- Mark Kreidler, Page 2
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Brett Favre hasn't made "Tha Decision" yet, although I'm sure that, at some point, he most likely will begin the process of considering whether to ponder doing so. We'll be the first to know.
Terrell Owens doesn't have a team. According to his trustworthy agent, he has so many, many franchises considering him that it may take a while before T.O. is able to sift through all the opportunities awaiting him.
Two fabulous front-line divas, each searching for a final sendoff, or at least a contract.
One quarterback. One receiver.
Am I the only one who sees the glorious possibilities here?
Sure, it'll take some doing. No award-winning theatrical presentation ever goes off without a hitch. But if the Minnesota Vikings play their hand just right, they could wind up with the greatest stage show of 2010.
They're not making it easy. The word out of Minneapolis this week is that there is limited interest (read: none to speak of) among the Vikes' brass in working on a deal for T.O. But they're clearly overlooking Aristotle's six elements of drama -- plot, theme, character, dialogue, rhythm and spectacle -- inherent in such a cast.
Favre to Owens to curtain call, oh my.
Issues? There are issues. Owens has a little history with Minnesota coach Brad Childress going back to their Philly days, and it isn't good. (Stop me if you've heard this one before.) T.O. is coming off a season in Buffalo that was statistically underwhelming. He is 36 years old. He doesn't always, or ever, play well with others.
Favre, meanwhile, hasn't committed to anything yet. He speaks of his rickety ankle and all that, as if hanging out and throwing to high school receivers in Mississippi is just for show. (In which case, Childress just wasted some great Hattiesburg humidity and frequent-flyer miles.) Favre's show generally plays out in a thick, slow-motion soup of activity, and by nature that will allow all sorts of pointless speculation.
But look: Favre's success as a quarterback, especially now at age 40, depends on having a full corps of willing receivers. Owens is willing -- to say nothing of being established as a person who can catch a pass or two. He brings the requisite wide receiver ego to the mix. And didn't Favre say, once upon a time, that he'd love to throw to either Randy Moss or T.O.?
Better late than never, captain.
The demand for Owens' services is unclear, but that's not necessarily a bad thing. T.O. -- despite agent Drew Rosenhaus' upbeat (absurd?) projections about the teams interested in him -- may well be finding that field is limited -- and why wouldn't it be by this stage of his weird, pockmarked career? The Vikings option would swing into play as a preferred destination almost immediately.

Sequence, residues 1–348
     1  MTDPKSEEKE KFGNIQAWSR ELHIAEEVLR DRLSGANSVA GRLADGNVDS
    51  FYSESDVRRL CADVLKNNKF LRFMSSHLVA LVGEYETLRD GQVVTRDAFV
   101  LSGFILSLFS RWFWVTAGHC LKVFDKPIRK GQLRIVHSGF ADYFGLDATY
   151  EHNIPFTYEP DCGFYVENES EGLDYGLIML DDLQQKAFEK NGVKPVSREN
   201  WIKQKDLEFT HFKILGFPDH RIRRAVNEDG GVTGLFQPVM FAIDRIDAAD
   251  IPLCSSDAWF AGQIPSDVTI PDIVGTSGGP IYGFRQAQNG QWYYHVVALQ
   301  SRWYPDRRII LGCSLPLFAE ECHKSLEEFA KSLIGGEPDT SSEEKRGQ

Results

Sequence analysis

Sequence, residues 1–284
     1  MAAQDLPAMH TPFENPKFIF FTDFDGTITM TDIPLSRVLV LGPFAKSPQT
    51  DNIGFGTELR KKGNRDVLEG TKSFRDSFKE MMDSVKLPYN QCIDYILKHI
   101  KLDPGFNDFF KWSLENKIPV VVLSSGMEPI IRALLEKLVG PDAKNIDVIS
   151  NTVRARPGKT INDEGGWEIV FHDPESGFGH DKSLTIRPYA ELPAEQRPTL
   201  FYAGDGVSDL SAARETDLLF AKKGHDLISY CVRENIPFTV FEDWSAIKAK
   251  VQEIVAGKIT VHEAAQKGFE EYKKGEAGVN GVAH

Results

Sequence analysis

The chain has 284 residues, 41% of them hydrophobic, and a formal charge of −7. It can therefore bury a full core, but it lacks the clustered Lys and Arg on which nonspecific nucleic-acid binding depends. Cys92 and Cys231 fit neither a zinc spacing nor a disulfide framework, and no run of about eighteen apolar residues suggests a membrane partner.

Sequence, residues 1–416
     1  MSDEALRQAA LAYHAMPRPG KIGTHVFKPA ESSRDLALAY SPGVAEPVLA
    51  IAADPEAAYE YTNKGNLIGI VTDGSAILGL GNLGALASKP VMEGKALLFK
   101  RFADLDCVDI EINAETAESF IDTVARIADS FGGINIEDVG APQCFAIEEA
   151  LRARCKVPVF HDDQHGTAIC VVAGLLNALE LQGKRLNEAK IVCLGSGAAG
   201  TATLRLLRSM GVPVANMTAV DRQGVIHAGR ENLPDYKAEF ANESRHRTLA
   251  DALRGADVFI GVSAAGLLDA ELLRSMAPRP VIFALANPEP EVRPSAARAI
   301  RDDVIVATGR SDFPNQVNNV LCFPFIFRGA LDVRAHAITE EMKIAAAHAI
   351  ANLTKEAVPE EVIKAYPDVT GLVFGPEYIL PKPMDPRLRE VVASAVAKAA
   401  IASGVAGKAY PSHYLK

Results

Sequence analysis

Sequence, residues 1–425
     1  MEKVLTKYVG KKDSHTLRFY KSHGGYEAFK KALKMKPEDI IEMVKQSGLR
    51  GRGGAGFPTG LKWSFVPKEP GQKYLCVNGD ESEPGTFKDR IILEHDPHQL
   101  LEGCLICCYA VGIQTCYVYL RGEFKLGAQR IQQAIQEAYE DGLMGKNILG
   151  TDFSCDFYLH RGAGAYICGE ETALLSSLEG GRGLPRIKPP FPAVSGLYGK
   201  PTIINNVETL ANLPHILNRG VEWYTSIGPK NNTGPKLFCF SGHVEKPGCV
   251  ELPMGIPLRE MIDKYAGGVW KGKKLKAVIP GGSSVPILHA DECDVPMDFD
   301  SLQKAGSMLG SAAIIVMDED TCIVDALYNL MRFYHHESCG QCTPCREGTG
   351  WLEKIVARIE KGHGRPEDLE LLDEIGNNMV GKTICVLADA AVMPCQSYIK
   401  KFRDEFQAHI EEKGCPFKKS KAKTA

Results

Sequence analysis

The Vikes? They're not crazy, are they? Well, they don't have to be. Take away the window dressing and Minnesota gets a receiver who managed 829 yards and a 15.1 per-catch average last season despite working in Buffalo's chaotic system and seeing head coach Dick Jauron jettisoned in November. And there's the sneaking suspicion -- OK, it's only my suspicion -- that Owens isn't quite done yet.
Owens might have choices, such as Oakland or Chicago (yawn). A couple of more intriguing destinations, Seattle and San Diego, both have already said no thanks. But Minnesota, in addition to being a title contender, can talk about T.O. without appearing to be drunk, because the Vikings already deal with the Favre saga all the time.
In fact, they've been through this before. When Favre was being forklifted into the Vikings' camp last year, the big talk around the NFL was that he would wreck team chemistry and cause dissension among the ranks. While the situations don't compare (does any situation really compare with T.O.?), it's at least worth noting that Minnesota can say yes to alleged controversy and live to reach the NFC title game, as the Vikes did last season behind Favre.
Add Owens to a corps that already includes Sidney Rice, Percy Harvin and Bernard Berrian -- plus tight end Visanthe Shiancoe, a favored target of Favre -- and you've got multiple weapons, multiple egos and multiple storylines. T.O., at this late stage of his career, becomes a potent second option still capable of a high-yardage, high-impact season.
Favre gets a teammate who can make the quarterback's "distractions" appear positively tame by comparison. Owens gets a chance -- yet another chance, I guess you could say -- to establish himself as a player who helps teams, not wrecks them. Childress gets an offense kicked into a slightly higher gear, which makes Minnesota that much tougher to take down over the course of 17 weeks.
And we all get a full raft of season-long entertainment.
T.O. and Brett Favre? That's a little slice of drama heaven. Time to take the production values up a notch.
Mark Kreidler is a longtime contributor to ESPN.com and the author of "The Voodoo Wave," to be published next year by W.W. Norton. His book "Six Good Innings" was named one of the Top 10 Sports Books of 2009 by Booklist. Reach him at firstname.lastname@example.org.
21hBy Jackie MacMullan